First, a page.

The ocean wraps around her ankles gently, he notices as he stares at the waves. It sends small pebbles flying toward his ankle, like the big blue nuisance is annoyed at him.

“I wanted to ask you something,” he says, and knows he’s not imagining the way her face falls. “Not - not that again. I...remember something, and I don’t understand it.”

“A dream?”

“Kinda.” One of them was a story. The other, more a vision of sorts. “Two things. You, um, you said you faced Te Ka with me, right?”

“I did.”

“I...had a dream. It was - there was a lot of ocean, and I was standing on a rock, and you - you were climbing a cliff. Te Ka was about to attack you.”

The girl gives no indication that she’s heard him either way, just looks out toward the horizon. “So I attacked Te Ka,” he finishes. “My hook broke. But there’s no way that happened,” he tells himself just as he tells her, laying a hand on his hook, “because I’ve got mine right here. Right?”

Curly neither confirms nor denies his statement. Instead, she asks, “and the second?”

“Look, kid, did that happen or not?” he snaps.

A sharp stone lodges itself in the tender flesh between his toes. Maui winces and hisses a curse at the ocean, removing it and hurling it over the waves.

When he sits back again, she repeats her question calmly. He tries to protest and she looks at him and she just looks so tired, so worn, that he gives up pressing. So he explains, in half-phrases and statements that curve up at the end like questions, the little niggling details that he half-remembers.

When he finishes, she turns toward him to look at him, to really look at him, not look at the horizon like she’d been doing the whole time, and says “I can’t explain that to you.”

That exasperation comes bubbling back up to the surface. “Now you’re just being obstinate. What do you want, an apology?”

“No,” she denies tiredly, then shakes her head. “Anything else, Maui. I will explain anything else. But this I’m not going to tell you about that.”

“Why not?”

It takes Curly a long, long time to find her words. Just when he thought she couldn’t get any more tired, her words any more old or sad, she quietly says “I can’t.”

That’s all she says.

“All right, uh....” He mentally reviews the small girl’s story, and picks out something that didn’t make sense to him. “Tamatoa. What happened with him?”

To her surprise, she chuckles. “Well, you wanted your hook back,” she says, gesturing toward it with her free hand. “So you navigated us to Lalotai. You told me to stay with the boat - ‘with the other chicken’,” she quotes him, and he’s a bit shocked to see that her grin only grows wider at the remembrance. Curly’s awful good at taking criticism. “My pet chicken, Heihei, came with us,” she adds as an aside. “Anyway, of course I wasn’t going to let you do all the adventuring alone.”

“Of course. So, what, you jumped into Lalotai?”

“Yep!” she replies cheerily, and he chokes on his own surprise. “You didn’t think I could make it,” she taunts, and elbows him in the side. She packs a surprisingly good hit for a mortal so tiny. “But you did your fancy haka thing, made a couple of stupid jokes, and jumped right on in. Tried to scare me off. I jumped anyway.”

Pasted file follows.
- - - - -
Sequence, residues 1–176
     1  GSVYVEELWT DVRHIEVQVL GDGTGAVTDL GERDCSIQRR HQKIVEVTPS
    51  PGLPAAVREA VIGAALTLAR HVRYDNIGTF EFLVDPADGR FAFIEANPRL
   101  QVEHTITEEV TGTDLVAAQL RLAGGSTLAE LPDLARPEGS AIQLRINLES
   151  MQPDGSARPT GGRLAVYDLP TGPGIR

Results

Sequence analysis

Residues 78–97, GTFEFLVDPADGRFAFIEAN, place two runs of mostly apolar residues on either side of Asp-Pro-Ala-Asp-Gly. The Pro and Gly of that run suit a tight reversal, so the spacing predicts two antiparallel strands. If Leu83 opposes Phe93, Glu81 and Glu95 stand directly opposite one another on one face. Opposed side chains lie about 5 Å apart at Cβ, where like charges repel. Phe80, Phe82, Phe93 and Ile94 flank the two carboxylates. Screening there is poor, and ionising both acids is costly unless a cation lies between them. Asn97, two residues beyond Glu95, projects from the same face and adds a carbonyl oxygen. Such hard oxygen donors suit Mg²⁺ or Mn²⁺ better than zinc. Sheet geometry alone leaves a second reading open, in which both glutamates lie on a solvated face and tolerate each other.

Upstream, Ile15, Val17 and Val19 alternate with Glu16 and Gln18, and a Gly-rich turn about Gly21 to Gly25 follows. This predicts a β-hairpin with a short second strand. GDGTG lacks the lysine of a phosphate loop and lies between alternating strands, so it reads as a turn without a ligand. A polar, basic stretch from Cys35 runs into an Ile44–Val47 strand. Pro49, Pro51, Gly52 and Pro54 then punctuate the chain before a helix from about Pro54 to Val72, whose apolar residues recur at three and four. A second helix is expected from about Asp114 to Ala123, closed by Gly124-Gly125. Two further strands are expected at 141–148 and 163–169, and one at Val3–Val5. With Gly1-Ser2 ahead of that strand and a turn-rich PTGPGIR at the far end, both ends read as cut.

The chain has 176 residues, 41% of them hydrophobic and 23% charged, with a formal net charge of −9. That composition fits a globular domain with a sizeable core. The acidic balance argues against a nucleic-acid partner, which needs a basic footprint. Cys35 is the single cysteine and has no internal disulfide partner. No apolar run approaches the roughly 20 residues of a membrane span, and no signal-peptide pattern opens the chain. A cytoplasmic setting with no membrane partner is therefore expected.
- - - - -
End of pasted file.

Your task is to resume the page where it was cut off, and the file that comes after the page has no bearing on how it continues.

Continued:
She’s grinning now, full-on and brighter even than the sun poking its head over the horizon. Something in Maui pangs for this sight, like he has only now regained a limb he’d forgotten he’d lost.

“Long story short, I almost got killed a half-dozen times, and then we ran back into each other right outside Tamatoa’s lair. You were all for making me wait outside, you great lump, but then you figured we could use me as bait.”

“Bait?” he repeats incredulously.

“Yep! Dressed me up in the sparkliest cones you could find and stuck me in his cave. I even had this little drum thing too,” she says, growing more and more animated as more of the story spills from her, even miming banging a small drum, “that you told me was to ‘wake up the crab’. I’m still pretty sure that was just to make me look stupid. Then Tamatoa woke up and almost ate me, then right before he did you got your hands on your hook.”

“And then I ripped off another leg?”

“Not quite,” she winces, and laughs at his surprise. “Your hook didn’t work right on the first go. Or the fourth, or the fifth,” she counts on her fingers. “I think you cycled through about six transformations before ending up in your own body. Tamatoa, uh, kinda threw me into a cage of sorts and started...well, he started tossing you around. Took your hook back. It...looked really painful.”

Even though it’s just a memory, the empathetic pain in her eyes is genuine. In that moment, Maui can’t help but stare. “It started getting pretty bad, so I climbed my way out of his cage. Then I covered a barnacle in some of the algae in his cave, the stuff that glows green in the darkness, and used that as a distraction,” she shrugs. “He was about to eat you, then I just waved it in front of him. He thought it was the Heart. All I had to do was pretend to trip and toss it down a ravine and he went right for it, literally tearing up the ground to find it. By the time he realized it was a diversion I’d grabbed your hook off his shell, and, well, we were outta there.”